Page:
Yesterday, I learned through a college friend that portraits of African-American professors at Harvard Law School were vandalized several days ago. The faces of professors were marred and crossed out with black tape. In a matter of seconds I bulleted from shock to rage. How could this happen here? In 2015? At Harvard? Don’t we know better?
Then my own Harvard history intervened. Being an activist undergrad in the mid-80s, I, with other students, petitioned and urged Harvard College to have more minority professors. We wanted more people “up there at the podium” who looked like us. We wanted to feel a greater sense of belonging in a community where it was clear we were not the raison d’etre. In the end, I think we just wanted to know that we mattered.
Thirty years later, we have enough African-American professors for whom portraits can be displayed on the walls of Harvard Law School. The road to the wall of portraits was not easily traversed and still isn’t. Many had to prevail against the winds of history to urge this new reality into being. And it seems, some are not thrilled with our new history.
I could have stayed in anger and outrage and retaliation. Let’s DO SOMETHING to punish these “bad” people. Clearly they were wrong. Justice needs to be served. But years of meditation prompted me to simply pause before I ranted on toward my righteousness and justice. And when I did, what emerged were tears. Sadness. Hurt. Heartfelt pain for those professors who were so publicly violated. For the efforts my classmates and I made during our years as undergrads. For my African-American mother-in-law who lived her whole life feeling marginalized no matter how educated or well-dressed she was. For my coaching clients, many of whom still live daily, feeling like outsiders, yearning to fully belong in their workplace and institutions. For the black men and women we’ve seen in the media hurt at the hands of those who should protect them. For Paris and the Bataclan. For the collective fear and sadness so many of us are enduring in this world.
The interesting thing is that when I could go into my hurt, sadness and vulnerability, (rather than stay in my rage), I had space to consider a wider array of thoughts about the incident. I felt my compassion for the professors, my clients, victims of violence. But more interestingly, I opened up enough space for curiosity. I dared to not be right and instead opened myself to ask why someone would do such a thing? Why would someone risk being caught defacing these portraits at the esteemed Harvard Law School? What emotion would drive someone or some people to do such a thing? It surely didn’t seem like an act taken on by raucous individuals out to have some fun. Underlying such an act was anger. As I’ve learned, anger is always the cover for some deep vulnerability and fear. So I ask, what did this individual or individuals fear?
This morning, I read in the Harvard Gazette that tape was put across the professors’ portraits after African-American students had put tape across the seal of Harvard Law School, which is the coat of arms of Isaac Royall, Jr, a slaveowner and whose funds helped to establish Harvard Law School (as many may know, students across the US are questioning universities whose identity is affiliated with funders who had been slaveowners). It helped me realize that the portrait vandalism was a reaction to what was done to the HLS seal. Clearly the person(s) felt the ire to respond. The portrait perpetrators weren’t annoyed, they were ENRAGED.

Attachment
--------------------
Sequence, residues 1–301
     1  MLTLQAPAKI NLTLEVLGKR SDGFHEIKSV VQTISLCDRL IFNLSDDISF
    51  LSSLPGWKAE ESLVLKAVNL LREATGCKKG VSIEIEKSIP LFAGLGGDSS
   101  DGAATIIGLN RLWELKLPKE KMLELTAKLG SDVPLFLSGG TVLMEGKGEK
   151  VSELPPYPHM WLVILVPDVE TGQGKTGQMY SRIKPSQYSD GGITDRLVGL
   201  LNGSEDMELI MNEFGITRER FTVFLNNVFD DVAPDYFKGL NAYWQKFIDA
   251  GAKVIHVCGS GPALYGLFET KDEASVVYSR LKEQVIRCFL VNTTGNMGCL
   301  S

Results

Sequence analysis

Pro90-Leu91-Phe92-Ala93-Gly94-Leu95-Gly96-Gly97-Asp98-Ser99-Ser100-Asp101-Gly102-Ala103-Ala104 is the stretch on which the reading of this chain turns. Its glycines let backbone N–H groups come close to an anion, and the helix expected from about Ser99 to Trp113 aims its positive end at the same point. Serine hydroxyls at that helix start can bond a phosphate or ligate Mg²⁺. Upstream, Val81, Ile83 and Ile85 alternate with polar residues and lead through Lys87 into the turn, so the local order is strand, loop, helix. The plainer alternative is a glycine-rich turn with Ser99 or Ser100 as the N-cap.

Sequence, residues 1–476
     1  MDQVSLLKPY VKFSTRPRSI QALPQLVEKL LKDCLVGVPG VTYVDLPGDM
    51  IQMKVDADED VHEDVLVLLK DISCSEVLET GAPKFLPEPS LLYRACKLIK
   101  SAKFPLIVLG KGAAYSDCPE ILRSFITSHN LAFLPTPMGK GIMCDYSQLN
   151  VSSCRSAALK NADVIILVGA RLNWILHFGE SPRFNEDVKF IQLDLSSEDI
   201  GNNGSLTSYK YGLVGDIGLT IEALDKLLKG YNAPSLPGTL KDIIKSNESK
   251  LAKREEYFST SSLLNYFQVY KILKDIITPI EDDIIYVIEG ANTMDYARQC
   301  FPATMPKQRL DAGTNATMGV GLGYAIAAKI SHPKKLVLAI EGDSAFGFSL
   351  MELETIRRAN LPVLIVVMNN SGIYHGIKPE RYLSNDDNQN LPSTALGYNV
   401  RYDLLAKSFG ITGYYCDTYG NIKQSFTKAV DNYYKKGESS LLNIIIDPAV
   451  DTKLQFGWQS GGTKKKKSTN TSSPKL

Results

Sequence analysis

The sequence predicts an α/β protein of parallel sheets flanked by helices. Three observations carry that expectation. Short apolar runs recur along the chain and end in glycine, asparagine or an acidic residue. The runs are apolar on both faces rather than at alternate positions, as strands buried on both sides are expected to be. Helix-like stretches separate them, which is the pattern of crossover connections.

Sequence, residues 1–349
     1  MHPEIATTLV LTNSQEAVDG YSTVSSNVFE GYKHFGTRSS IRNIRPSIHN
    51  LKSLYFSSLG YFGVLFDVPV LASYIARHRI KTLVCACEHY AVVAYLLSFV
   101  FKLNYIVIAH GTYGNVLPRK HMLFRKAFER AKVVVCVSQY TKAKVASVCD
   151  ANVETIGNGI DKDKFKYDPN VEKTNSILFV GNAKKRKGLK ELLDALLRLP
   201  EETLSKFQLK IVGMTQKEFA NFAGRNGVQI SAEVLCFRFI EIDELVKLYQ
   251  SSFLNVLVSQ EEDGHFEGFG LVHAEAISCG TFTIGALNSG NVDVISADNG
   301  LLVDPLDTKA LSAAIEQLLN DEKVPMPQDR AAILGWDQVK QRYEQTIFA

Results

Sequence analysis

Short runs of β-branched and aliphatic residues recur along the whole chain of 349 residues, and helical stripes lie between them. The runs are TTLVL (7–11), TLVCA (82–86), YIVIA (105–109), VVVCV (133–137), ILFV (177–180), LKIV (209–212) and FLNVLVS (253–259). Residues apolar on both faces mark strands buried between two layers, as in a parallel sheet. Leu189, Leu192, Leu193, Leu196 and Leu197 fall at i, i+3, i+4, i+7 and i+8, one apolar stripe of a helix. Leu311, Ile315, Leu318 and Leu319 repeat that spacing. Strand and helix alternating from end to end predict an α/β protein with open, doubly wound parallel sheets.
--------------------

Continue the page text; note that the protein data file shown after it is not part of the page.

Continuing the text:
So where do we go from here?
In this moment, I have only one response. Compassion. Compassion for all involved and affected. We must open ourselves to a possibility beyond a clear right or wrong. We have to go beyond believing that a punitive measure will address the real issue. What we need is authentic understanding of each other. It’s taken me a long time to really understand compassion. We often deem compassion to be a sign of weakness and compromise. But I’ve come to learn that it takes incredible inner courage and strength to exercise compassion. Compassion, I’ve learned, is the gateway to radical perspectives that can enable understanding and peace. If we stay open, we can see that acute, violative actions usually belie a strong emotional undercurrent. To understand these strong undercurrents requires us to suspend judgment long enough to witness the complexity of ambiguity, knowing that the answer may not be found in a linear, measured way. We have the opportunity to recognize that actions of violation are the symptom of a strongly held emotion. If we are to solve the symptom, the action of violation, we must offer space for the driving emotion to emerge so we can work at the true cause. Our deepest emotions will honestly surface only when there is safety.
If we are to come together and live together with people of difference, in peace and acceptance, then we must create a safe space in which we get to know each other. The knowing is not perfunctory. The knowing is about true understanding, even at our very worst, in the hopes that this process of mutuality will lead us to a place of common goodness.